Al-Udeid Operating New Counter-drone System Amid Growing UAS Threat

The Air Force’s key operating base in the Middle East has adopted a new counter-drone system, first deployed to the nation’s nuclear bases to protect them from the growing threat of unmanned aerial systems.

Al-Udeid Air Base, Qatar, recently deployed the counter-small unmanned aerial systems tool to protect the sprawling base, which is home of the nerve center of Middle East air operations, mobility and refueling, and strike aircraft including B-52s. The new system lets its operators identify incoming threats and sever the connection between drone and operator, according to an Air Forces Central Command release.

“The goal of the program is to build counter measures for Al-Udeid AB that would pose as a last line of defense against all small UAS threats,” said Staff Sgt. Ryan Walters, the 379th Expeditionary Security Forces Squadron’s noncommissioned officer in charge of the C-UAS program.

Air Force Global Strike Command and U.S. Strategic Command first deployed the system to an undisclosed number of sites in 2019. The service said at the time that the systems use command and control, detection, and jamming to counter drones.

At Al-Udeid, operators take a 40-hour course, which includes hands-on work, before they can operate the systems. The system is “tailored” to threats specific to the region, which has seen UAS attacks on U.S. military sites in Iraq and oil facilities in Saudi Arabia.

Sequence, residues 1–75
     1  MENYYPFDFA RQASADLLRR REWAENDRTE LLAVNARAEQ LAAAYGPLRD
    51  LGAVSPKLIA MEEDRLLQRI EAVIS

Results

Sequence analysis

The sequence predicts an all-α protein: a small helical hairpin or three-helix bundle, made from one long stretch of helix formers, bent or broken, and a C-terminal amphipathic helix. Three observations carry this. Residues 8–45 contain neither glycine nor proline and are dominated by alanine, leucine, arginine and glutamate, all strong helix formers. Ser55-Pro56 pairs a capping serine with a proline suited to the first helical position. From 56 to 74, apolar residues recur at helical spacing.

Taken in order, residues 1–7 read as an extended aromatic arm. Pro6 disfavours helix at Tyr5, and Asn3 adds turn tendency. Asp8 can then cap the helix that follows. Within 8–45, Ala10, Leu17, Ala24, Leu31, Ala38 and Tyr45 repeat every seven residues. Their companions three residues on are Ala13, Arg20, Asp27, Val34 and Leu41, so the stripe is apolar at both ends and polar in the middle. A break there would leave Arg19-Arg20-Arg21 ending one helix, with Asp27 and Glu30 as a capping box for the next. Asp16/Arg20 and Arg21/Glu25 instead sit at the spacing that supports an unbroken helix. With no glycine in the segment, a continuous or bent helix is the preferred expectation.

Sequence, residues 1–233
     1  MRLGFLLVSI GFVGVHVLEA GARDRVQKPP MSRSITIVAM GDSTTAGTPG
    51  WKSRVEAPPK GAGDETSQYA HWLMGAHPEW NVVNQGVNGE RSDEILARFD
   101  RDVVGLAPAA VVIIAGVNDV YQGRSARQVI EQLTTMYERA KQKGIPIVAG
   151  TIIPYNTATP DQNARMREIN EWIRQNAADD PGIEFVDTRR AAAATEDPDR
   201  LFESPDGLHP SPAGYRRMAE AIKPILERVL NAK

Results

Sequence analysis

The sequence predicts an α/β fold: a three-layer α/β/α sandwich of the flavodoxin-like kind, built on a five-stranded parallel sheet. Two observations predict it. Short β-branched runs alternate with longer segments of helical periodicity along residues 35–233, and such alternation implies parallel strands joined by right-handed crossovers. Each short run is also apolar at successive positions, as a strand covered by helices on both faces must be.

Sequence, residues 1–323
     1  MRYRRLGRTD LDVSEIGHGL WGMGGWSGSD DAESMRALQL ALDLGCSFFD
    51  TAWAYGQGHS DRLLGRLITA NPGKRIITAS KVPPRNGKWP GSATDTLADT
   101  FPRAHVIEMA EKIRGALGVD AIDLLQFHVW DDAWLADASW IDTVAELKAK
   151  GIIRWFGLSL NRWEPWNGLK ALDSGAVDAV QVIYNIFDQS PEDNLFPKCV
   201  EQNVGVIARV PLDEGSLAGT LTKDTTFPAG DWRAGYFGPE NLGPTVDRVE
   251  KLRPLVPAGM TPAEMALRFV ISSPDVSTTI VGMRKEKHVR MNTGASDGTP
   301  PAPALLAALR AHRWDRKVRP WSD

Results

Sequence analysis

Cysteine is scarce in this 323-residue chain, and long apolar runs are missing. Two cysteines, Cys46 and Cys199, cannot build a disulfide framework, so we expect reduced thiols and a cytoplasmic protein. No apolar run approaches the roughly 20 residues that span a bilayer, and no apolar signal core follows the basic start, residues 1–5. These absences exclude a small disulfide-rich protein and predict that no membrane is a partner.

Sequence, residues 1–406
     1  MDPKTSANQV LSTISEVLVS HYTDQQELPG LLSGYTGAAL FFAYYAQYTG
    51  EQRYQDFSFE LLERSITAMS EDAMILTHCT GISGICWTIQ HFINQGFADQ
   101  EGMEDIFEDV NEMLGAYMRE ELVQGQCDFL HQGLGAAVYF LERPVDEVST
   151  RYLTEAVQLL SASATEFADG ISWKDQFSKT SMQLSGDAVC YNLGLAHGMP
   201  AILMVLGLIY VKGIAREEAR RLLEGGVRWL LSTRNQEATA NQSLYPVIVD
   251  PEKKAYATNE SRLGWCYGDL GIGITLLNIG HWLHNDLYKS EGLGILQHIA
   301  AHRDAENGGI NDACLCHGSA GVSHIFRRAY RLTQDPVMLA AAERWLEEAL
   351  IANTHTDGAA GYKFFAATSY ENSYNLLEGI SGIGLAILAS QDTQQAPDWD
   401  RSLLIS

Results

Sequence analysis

“We are able to showcase our defensive capabilities and tailor the C-UAS briefings with a historical background to threats in the region,” said Maj. Shawna Rogers, 379th Air Expeditionary Wing senior intelligence officer, in a release.

U.S. Central Command boss USMC Gen. Kenneth F. McKenzie Jr. told lawmakers last month that drones represent the most “persistent and dangerous” threat to troops and that countering them is a top priority.

“These small- and medium-sized UAS proliferating across the [area of operations] present a new and complex threat to our forces and those of our partners and allies,” McKenzie said. “For the first time since the Korean War, we are operating without complete air superiority.”